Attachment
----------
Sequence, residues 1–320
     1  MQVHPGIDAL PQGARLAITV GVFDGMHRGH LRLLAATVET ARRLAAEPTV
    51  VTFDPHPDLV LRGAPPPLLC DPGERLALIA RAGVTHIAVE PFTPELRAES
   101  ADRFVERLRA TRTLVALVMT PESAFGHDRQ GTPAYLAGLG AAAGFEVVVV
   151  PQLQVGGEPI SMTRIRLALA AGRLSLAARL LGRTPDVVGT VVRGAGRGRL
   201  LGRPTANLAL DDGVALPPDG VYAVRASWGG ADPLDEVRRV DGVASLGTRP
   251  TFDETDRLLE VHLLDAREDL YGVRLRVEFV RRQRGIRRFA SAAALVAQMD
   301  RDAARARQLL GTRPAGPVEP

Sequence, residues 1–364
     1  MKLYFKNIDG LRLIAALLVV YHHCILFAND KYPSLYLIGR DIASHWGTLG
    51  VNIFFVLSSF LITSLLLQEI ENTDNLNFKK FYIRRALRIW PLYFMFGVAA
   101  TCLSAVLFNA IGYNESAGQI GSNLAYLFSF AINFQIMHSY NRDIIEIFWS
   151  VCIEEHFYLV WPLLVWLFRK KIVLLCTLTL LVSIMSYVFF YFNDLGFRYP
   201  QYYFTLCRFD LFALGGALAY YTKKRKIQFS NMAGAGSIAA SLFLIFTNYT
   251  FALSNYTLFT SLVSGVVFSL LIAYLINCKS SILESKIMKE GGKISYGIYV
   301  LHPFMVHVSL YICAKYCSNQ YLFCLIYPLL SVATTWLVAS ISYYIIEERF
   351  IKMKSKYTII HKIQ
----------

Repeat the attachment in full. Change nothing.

Sequence, residues 1–320
     1  MQVHPGIDAL PQGARLAITV GVFDGMHRGH LRLLAATVET ARRLAAEPTV
    51  VTFDPHPDLV LRGAPPPLLC DPGERLALIA RAGVTHIAVE PFTPELRAES
   101  ADRFVERLRA TRTLVALVMT PESAFGHDRQ GTPAYLAGLG AAAGFEVVVV
   151  PQLQVGGEPI SMTRIRLALA AGRLSLAARL LGRTPDVVGT VVRGAGRGRL
   201  LGRPTANLAL DDGVALPPDG VYAVRASWGG ADPLDEVRRV DGVASLGTRP
   251  TFDETDRLLE VHLLDAREDL YGVRLRVEFV RRQRGIRRFA SAAALVAQMD
   301  RDAARARQLL GTRPAGPVEP

Sequence, residues 1–364
     1  MKLYFKNIDG LRLIAALLVV YHHCILFAND KYPSLYLIGR DIASHWGTLG
    51  VNIFFVLSSF LITSLLLQEI ENTDNLNFKK FYIRRALRIW PLYFMFGVAA
   101  TCLSAVLFNA IGYNESAGQI GSNLAYLFSF AINFQIMHSY NRDIIEIFWS
   151  VCIEEHFYLV WPLLVWLFRK KIVLLCTLTL LVSIMSYVFF YFNDLGFRYP
   201  QYYFTLCRFD LFALGGALAY YTKKRKIQFS NMAGAGSIAA SLFLIFTNYT
   251  FALSNYTLFT SLVSGVVFSL LIAYLINCKS SILESKIMKE GGKISYGIYV
   301  LHPFMVHVSL YICAKYCSNQ YLFCLIYPLL SVATTWLVAS ISYYIIEERF
   351  IKMKSKYTII HKIQ